me doing it, but the next person will get the same result when they carry
that procedure out. This is all stuff you can standardize. But I know it
goes also to this military-industrial complex thing in the US, where that
term I borrowed comes from nuclear weapons stockpile stewardship.
That's the area in the US where the government is throwing huge
amounts of money at computing. For example, with a test ban treaty in
place, we have to do simulations of these things. And they set the
milestones for the computer power in order to reach a level of fidelity
that's deemed to be acceptable for some type of simulation of the test.
This is just an ongoing thing in the US. If you can do it for nuclear
weapons, then the scale of the computers that are there will match the
things we need to do in these other areas, no
question.
There's a question mark about who's going to pay for it, and in the US
you might have to pay for your simulation if you want an enhanced result.
I've been in discussions like that. For example, some of my work is funded
by the EU in their eHealth sector, and therethe EUthe guys in the
Commission in Brussels assume that everyone would get access to these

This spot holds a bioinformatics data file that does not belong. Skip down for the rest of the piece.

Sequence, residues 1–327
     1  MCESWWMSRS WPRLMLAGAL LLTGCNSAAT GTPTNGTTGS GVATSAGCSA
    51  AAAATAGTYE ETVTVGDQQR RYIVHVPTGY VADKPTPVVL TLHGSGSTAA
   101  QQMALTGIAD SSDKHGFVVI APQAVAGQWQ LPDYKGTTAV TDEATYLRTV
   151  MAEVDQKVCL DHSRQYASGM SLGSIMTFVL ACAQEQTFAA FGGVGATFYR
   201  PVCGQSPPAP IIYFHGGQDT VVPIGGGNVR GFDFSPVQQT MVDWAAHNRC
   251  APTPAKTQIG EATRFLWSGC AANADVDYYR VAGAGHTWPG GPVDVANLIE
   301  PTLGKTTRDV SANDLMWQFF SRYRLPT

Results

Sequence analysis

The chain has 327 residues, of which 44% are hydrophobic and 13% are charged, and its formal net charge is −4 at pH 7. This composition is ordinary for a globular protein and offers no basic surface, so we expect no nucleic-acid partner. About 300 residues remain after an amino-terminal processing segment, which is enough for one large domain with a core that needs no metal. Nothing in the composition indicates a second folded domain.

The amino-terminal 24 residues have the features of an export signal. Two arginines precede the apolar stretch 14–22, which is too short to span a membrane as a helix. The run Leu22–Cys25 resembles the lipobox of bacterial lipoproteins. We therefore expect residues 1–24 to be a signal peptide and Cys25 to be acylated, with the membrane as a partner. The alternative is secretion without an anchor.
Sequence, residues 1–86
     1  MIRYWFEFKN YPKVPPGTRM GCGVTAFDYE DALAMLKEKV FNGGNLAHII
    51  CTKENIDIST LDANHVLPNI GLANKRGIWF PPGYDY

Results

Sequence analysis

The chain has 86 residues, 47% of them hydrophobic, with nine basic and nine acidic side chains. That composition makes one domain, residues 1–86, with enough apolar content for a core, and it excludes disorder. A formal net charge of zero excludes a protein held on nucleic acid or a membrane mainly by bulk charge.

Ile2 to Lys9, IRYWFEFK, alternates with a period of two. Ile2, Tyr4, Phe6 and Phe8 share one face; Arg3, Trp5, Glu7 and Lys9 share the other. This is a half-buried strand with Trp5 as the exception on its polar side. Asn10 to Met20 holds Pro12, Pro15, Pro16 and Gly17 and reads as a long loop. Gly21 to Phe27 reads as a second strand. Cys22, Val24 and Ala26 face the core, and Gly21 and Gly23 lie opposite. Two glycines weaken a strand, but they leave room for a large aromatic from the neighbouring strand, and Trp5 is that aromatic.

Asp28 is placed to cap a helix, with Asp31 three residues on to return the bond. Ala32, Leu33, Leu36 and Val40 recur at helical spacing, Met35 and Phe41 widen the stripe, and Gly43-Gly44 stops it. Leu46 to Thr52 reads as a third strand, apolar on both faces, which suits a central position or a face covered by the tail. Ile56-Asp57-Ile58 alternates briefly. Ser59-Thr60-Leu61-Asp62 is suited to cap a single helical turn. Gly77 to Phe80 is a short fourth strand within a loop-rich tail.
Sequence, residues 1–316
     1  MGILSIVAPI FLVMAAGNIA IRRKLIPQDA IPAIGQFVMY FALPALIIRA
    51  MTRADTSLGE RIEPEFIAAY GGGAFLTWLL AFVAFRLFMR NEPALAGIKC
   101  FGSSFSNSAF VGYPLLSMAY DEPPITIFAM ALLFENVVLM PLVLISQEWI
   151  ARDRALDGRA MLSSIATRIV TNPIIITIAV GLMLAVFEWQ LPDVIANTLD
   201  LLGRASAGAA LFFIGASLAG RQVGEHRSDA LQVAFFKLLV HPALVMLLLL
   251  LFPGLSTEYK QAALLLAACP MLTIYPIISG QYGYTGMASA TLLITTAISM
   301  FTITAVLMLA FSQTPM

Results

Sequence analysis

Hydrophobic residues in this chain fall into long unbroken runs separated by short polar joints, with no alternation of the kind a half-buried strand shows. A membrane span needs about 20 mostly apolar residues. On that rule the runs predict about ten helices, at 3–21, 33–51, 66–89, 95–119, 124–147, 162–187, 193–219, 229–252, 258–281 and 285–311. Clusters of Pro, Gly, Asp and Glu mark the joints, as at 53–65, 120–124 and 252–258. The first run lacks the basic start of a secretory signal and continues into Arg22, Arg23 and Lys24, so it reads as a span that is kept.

techniques, it would be free at the point of delivery. But a US colleague
would expect you'd pay a premium to get a computer simulation done to
enhance your clinicians decision. This is all part of the way that the
future will evolve.
In the long run, to do something that's personal, it's going to be
Popperian. It will have vestiges of Baconianism around it. I want to take
and use data that would be about me. For example, it could be imaging
data, genomic data, and other things. I just want that. I don't want to
have a prediction of what is going to happen to me based on statistics
from other people. That's still better than what people are doing today,

because it can give good indications. Ultimately, we want these avatars


that are personalized, as accurately as they can, to ourselves.
It ceases, in the end, to be only something for people who are ill. It's
relevant to people in a state of wellness. My friend Leroy Hood is talking
all the time about wellness things. He wants to do a 100,000 Genomes
Project on wellness, because he's not trying to do the disease case that
the UK is about. Just to help people understand their predicament, and to
take decisions, lifestyle choices, based on that information.